As this past winter taught us, when we’re prepared we can stay safe and work together to continue serving the American people, no matter the circumstances.



I have some exciting news. A week from today I will be on the field at Nationals Park. And you can be too.  

On Tuesday, May 6th, the Washington Nationals will help us celebrate Public Service Recognition Week (PSRW) by hosting “Federal Employee Appreciation Night,” and they’ve invited me to throw out the first pitch. 

And the best part is that I’m bringing five Federal employees on to the field with me. 
This week and next, use hashtag #FEDSpirit on Twitter, Instagram, and Facebook to publicly recognize a Federal employee who represents the spirit of PSRW. We know there are inspirational, empowering, and exciting stories of Federal employees just waiting to be told. And we’re counting on you to share them.

On Monday, I’ll ask five Federal employees who represent the spirit of Public Service Recognition Week to join me on the field as I make my major league baseball debut. 

Follow me on Twitter, Instagram and Facebook through @OPMDirector for updates. I can’t wait to hear the #FEDSpirit stories you have to share.  

 A quick note: The invited Federal employees will be responsible for their transportation to the ballpark and for getting tickets to the game. 

Today General Services Administration Administrator Dan Tangherlini and I signed a Memorandum of Understanding that seals an important partnership that will give agencies a more efficient, more reliable, and more effective way to get the best available training and human capital resources to Federal employees.

Under this agreement, we are merging the breadth of GSA’s acquisition capabilities, tools and strategic sourcing experience with OPM’s expertise in human capital and training to form a more powerful Government solution. Our effort also is aligned with the President’s Management Agenda because it will achieve government-wide savings and efficiencies through Federal strategic sourcing. Through this effort, we will support Federal employees as they continue to provide excellent service to the American people.

This partnership acknowledges the changing Federal landscape. It recognizes OPM’s strategic goals, the current budgetary realities across government and the need to better support the mission of the Federal agencies that OPM serves.

One of my highest priorities as OPM Director is to support agencies in meeting their most challenging human capital needs, including the training and development of our Federal workforce. This partnership will help empower agencies to better accomplish that goal.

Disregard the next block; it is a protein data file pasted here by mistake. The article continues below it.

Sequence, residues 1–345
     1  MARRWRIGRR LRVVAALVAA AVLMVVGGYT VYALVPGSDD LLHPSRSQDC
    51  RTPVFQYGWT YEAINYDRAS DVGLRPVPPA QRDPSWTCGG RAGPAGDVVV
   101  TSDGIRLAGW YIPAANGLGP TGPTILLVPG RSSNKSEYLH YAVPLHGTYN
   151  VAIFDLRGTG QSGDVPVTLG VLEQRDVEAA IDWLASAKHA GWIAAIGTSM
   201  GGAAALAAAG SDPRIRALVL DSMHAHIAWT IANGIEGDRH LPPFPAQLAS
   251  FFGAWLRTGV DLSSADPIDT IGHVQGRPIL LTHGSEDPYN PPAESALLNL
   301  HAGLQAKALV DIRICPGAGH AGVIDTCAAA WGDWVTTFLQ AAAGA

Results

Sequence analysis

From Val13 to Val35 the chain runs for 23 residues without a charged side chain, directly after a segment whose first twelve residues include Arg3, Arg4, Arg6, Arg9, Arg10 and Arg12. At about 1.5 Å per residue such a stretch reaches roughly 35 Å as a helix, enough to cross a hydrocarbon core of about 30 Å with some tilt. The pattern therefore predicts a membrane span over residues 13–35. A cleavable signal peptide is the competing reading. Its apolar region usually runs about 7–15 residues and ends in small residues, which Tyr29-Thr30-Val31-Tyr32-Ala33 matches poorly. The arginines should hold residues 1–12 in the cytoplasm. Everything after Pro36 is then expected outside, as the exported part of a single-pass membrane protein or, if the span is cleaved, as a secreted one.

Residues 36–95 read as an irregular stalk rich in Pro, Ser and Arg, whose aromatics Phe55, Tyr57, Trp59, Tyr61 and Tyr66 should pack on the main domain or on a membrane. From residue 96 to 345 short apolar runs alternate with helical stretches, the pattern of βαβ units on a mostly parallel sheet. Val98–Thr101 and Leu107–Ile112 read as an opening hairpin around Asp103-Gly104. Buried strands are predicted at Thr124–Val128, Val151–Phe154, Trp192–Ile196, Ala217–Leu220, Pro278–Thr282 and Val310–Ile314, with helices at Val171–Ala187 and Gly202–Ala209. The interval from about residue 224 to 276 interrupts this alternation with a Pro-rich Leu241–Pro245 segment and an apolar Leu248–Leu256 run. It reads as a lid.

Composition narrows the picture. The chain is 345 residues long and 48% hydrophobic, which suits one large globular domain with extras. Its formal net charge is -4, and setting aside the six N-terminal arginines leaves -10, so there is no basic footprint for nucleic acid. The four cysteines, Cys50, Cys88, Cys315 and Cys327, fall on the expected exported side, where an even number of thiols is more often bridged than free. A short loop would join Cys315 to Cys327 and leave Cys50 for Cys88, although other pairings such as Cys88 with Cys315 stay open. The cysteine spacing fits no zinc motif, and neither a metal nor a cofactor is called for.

Since one of the roles of OPM is to assist the Federal agencies to develop their federal training and career development opportunities, this new partnership is just one way we are going to make that process more efficient, effective, and reliable for agencies. Federal employees must see a clear career path, and we must make sure agencies are providing training and mentoring. We must make sure that from resume to retirement, Federal employees have the processes in place to support their career development.

Through this agreement, OPM will be able to more effectively get the tools they need to fulfill their training and human capital needs. And ensuring that our workforce has what it needs to succeed is one of my highest priorities.

Earlier this month, OPM issued a regulation that I believe will build on the more than 50-year success of the Combined Federal Campaign. It will revitalize the program to make it even better, both for the charities that participate and for our Federal employees.

I understand that change can be difficult, especially when changes are made to a system that has been in place for a long time. But, I believe that the improvements we announced on April 11, 2014 will strengthen and invigorate this vital program for the next half century. The rule was the product of a process that we can be proud of: a bipartisan commission, headed by one Republican and one Democrat.

Federal employees asked for change to the CFC system. They wanted lower overhead costs. They wanted more of their money to go directly to the charities they support.

OPM listened.

Let me give you a hypothetical example of how the CFC operates currently: A DC-area Federal employee donates $1 to a medical research charity. But this $1 first goes to the CFC of the National Capital Area, operated by a nonprofit group selected by local employees to administer the campaign. The National Capital Area CFC takes 9 cents on the dollar to cover its costs to promote the giving campaign and to process contributions. So, the research charity now is receiving 91 cents. Then, because the charity belongs to one of the many federations in the CFC, another deduction -- as much as 25 cents on the dollar -- goes to the federation to cover its administrative costs. (It’s not clear how large a share goes to the federations, which do not always disclose that information.) That leaves the charity with as little as 66 cents of the employee’s original dollar.